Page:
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PROJECT LIFE MANSALT - Man and Nature in Sečovlje pans

In Sečovlje Salina Nature Park since October 2010 we performed MANSALT LIFE - Man and Nature in Sečovlje pans. The main objective of the project is to preserve biodiversity in the Salina.
"The project resources from the LIFE financial instrument of the European Communities and the Government of the Republic of Slovenia"

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Encouraging results of Habitat action plan in SSNP

The Habitats Directive is the Directive on the conservation of natural habitats and of wild fauna and flora (The Council Directive 92/43 / EEC on the Conservation of Natural Habitats and of Wild Fauna and Flora - "The Habitat Directive"). It was adopted by the Council of Ministers on 21st May 1992. The Directive has been amended several times, last in 1995 when Austria, Finland and Sweden joined.

The Directive is an aid and a guide in determining the status of natural habitats, as well as in the process of inventory of natural habitat types of Community interest which are vulnerable, endangered or disappearing in their natural environment.
In 2007, in the framework of regular monitoring in SSNP habitat types from the list of European regulation on the habitats were mapped. These habitat types are:
1140 Mudflats and sandflats not covered by seawater at low tide, 1310 Salicornia and other annuals colonizing mud and sand, 1410 Mediterranean salt meadows (Juncetalia maritimi), 1420 Mediterranean and thermo-Atlantic salt marshes and salt meadows (Sarcocornetea fruticosi), 1130-Estuaries, 1320-Spartina swards (Spartinion maritimae).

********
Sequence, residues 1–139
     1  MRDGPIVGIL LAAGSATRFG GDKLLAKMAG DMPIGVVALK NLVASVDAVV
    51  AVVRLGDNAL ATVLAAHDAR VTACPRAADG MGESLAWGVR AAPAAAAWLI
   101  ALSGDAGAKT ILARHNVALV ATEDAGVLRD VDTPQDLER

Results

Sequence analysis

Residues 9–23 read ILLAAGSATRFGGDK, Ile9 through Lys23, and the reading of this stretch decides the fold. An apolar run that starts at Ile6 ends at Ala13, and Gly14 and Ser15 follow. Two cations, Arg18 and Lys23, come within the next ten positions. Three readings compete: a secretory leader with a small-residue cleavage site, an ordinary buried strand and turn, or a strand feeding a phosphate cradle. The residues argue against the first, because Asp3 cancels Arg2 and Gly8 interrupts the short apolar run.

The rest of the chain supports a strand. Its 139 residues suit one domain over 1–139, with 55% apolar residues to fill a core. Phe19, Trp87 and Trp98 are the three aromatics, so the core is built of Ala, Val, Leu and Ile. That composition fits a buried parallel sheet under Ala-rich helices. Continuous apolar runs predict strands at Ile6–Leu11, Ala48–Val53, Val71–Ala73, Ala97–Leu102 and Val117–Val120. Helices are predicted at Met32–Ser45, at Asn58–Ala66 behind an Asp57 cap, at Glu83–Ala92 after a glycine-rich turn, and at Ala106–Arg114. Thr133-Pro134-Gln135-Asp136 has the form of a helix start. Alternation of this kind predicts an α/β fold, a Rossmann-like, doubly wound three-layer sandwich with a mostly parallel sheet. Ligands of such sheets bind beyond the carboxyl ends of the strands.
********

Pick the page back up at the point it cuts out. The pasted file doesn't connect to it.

From 2010 all SSNP habitats were additionally mapped and evaluated. ''Stage zero'' of the habitat status was determined.
One of the main objectives of the project LIFE MANSALT is to maintain favorable conservation status of habitats. In the frame of the LIFE project an Action Plan habitat for SSNP habitats was elaborated. Some 50ha of SSNP area (where we expected favorable succession of halophytes and halophyte vegetation) was dedicated to accurate monitoring. Our workers made some flat islands and areas/pools that were occasionally flooded. Our monitoring team monitored the area and after 2 years the success of proliferation of halophyte plants was surprising as some areas were completely overgrown with these plants. The dry areas in Fontanigge are now covered with Salicornia europaea, and Suaeda maritima. We are particularly pleased by the fact that in the monitored areas also perennial halophytes as Arthrocnemum fruticosum and Limonium angustifolium are proliferating.



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